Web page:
While I'm sad that this was the last DerbyCon in Louisville, I'm glad that there is hope for "DerbyCon Communities" in the future. Until they get going, we still have the recordings from @irongeek_adc that we can watch over and over again with popcorn: late into the wee hours of the night to our hearts' content. One of my favorite talks that I had the privilege of attending this year was Matt Graeber's (@mattifestation) talk on detecting lateral movement using WMI. Matt goes deep into using Event Tracing for Windows (ETW) and does so in a very systematic way that is easy to follow, even for the ETW-uninitiated like myself. Since Matt's talk, @vector_sec posted an ETW TA for Splunk on Github here. Talk about great timing! This is bleeding edge stuff right here, folks. Check it out to explore how you can take your detection engineering to the next level!

Derek King

@network_slayer

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Sudo -u who? by Mohit Kumar

I chose this article this month not necessarily because of its wide-scale impact (although it does have the capability to be), but because of its applicability. It demonstrates how a simple misconfiguration or specific sequence of events can surface holes in software that has been a 'mainstay' for a long time! In some ways, it mirrors the Heartbleed vulnerability found back in 2014. All versions of sudo before 1.8.28 (released in October 2019) are vulnerable to privilege escalation using a user id of -1 or 4294967295 (unsigned -1) due to the way the code converts numeric id to a user name. The vulnerability only exists with a particular configuration in the sudoers file, and therefore expected impact low. However, sudo is a file that exists in every major Linux distro. What I think is essential here is the critical message of

Matt Toth

@willhackforfood

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Soldering spy chips inside firewalls is now a cheap hack, shows researcher by John E Dunn

From a security researcher showing that it is no longer just nation-states that can implant hardware into your devices , to the China linked APT group Winnti attacking a major mobile hardware and software manufacturer based in Asia, our supply chains are more at risk that many organizations are prepared to deal with. How do you trust that the hardware or software you are using has not been compromised on its way to your door or desktop? Some suggestions are regular audits of your third-party service providers, baselining what is normal in your organization to detect outliers as they appear, and adequately vetting new organizations you work with.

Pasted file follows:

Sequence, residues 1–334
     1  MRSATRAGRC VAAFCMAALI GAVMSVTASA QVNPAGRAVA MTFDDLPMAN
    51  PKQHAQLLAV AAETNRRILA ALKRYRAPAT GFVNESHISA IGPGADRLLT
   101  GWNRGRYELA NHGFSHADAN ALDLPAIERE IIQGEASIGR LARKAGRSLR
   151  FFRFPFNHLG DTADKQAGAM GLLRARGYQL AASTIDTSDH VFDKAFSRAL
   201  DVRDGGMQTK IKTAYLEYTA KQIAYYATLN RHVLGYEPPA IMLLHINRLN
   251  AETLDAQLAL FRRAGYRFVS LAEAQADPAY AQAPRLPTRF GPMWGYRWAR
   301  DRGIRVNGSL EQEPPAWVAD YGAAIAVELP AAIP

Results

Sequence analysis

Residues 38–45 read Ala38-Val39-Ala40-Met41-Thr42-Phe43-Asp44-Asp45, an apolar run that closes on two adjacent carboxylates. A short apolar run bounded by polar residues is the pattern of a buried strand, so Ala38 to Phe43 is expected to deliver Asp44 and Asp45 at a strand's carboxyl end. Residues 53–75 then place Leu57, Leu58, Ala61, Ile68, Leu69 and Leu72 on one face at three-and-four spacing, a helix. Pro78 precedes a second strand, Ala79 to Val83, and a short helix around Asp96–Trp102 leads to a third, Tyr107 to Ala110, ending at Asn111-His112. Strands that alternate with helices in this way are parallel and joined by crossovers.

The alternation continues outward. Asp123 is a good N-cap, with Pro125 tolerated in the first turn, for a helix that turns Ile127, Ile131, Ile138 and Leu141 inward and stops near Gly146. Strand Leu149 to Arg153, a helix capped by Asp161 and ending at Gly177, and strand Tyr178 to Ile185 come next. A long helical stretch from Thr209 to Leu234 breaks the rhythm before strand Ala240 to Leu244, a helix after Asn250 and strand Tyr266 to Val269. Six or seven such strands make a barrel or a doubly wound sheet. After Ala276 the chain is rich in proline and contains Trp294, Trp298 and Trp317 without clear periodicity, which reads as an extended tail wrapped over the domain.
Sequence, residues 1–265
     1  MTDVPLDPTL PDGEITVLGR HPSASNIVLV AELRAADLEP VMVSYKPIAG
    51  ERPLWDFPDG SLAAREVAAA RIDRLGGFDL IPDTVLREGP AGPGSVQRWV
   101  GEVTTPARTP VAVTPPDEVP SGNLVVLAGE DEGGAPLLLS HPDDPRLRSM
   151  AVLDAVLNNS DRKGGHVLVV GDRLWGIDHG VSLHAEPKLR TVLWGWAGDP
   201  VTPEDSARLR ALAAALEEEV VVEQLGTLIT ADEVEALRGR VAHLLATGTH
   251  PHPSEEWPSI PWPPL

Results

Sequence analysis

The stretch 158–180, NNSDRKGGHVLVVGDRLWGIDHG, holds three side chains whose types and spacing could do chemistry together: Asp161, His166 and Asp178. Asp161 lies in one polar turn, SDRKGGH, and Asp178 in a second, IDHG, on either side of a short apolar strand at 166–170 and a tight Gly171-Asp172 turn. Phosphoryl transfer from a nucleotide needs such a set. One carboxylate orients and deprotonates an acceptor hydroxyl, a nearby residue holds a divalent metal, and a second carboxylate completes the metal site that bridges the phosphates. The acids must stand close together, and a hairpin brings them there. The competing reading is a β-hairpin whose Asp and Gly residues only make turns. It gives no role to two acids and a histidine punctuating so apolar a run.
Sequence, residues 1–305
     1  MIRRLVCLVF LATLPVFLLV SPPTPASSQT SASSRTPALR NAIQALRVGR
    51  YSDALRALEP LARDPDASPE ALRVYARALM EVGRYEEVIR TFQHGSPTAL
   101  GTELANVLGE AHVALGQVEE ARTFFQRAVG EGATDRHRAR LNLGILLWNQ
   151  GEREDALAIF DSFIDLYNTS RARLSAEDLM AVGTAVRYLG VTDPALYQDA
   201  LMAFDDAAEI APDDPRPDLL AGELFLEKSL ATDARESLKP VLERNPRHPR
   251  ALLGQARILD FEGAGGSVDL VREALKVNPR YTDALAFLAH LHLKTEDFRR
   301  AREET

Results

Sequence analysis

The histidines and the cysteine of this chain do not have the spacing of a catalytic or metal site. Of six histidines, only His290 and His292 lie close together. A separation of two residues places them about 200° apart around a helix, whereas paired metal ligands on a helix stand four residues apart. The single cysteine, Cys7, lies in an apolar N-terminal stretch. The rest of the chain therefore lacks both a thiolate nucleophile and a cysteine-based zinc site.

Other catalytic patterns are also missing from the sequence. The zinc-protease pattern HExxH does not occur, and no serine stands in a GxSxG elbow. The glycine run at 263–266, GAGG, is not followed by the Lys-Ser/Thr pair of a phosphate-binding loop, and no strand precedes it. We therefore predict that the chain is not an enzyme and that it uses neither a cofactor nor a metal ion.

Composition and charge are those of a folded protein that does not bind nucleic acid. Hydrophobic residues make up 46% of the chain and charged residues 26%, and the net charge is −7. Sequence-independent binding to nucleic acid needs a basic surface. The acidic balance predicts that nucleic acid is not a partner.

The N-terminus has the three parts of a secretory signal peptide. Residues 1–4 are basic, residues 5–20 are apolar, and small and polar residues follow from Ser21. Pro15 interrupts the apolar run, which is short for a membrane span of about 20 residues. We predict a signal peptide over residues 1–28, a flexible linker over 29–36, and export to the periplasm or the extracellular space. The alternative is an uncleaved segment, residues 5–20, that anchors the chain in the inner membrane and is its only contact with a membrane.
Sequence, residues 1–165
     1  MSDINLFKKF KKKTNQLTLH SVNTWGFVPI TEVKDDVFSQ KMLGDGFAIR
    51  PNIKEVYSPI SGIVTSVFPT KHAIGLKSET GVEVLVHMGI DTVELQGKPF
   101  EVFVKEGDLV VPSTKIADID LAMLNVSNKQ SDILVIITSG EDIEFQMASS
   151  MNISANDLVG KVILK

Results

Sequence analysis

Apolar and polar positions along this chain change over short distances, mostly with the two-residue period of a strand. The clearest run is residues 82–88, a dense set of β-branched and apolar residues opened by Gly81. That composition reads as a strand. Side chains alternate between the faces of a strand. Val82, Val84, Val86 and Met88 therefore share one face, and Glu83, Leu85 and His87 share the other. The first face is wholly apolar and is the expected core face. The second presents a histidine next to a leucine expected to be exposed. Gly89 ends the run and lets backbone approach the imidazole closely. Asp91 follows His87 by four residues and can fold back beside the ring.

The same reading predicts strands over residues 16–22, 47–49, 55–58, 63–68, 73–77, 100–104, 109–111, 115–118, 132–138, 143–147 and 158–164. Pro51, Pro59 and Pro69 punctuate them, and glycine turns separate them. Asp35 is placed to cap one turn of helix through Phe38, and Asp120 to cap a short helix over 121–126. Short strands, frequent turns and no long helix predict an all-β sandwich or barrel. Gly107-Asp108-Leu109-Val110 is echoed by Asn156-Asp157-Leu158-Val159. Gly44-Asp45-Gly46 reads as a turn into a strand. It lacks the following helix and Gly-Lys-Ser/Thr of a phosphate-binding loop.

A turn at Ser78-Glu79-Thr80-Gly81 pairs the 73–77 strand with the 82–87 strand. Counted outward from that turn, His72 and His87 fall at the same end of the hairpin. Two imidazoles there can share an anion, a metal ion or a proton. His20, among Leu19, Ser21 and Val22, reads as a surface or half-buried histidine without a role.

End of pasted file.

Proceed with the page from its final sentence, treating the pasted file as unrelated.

Damien Weiss

@damienweiss

Ms. Trainor almost had it right. Its all about the base64 and other BOLD and italicized things

ATT&CK CON 2.0 by Mitre ATT&CK team

ATT&CKCon 2.0 proved itself to be one of the best conventions of the year. Both with how well it was run and how excellent the content was. Many talks covered ATT&CK from a fresh perspective: Tell Tall Tales with ATT&CK!, Lessons in Succesful Purple Teaming, Toni Gidwani's keynote presentation about intelligence, operations, and how to bridge the two, and Climbing the ATT&CK Ladder were all worth the price of admission alone. Wait. You didn't make it? No problem, as full videos of the conference are online now, with slide/video links soon to come.

Ryan Kovar
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Ryan Kovar

NY. AZ. Navy. SOCA. KBMG. DARPA. Splunk.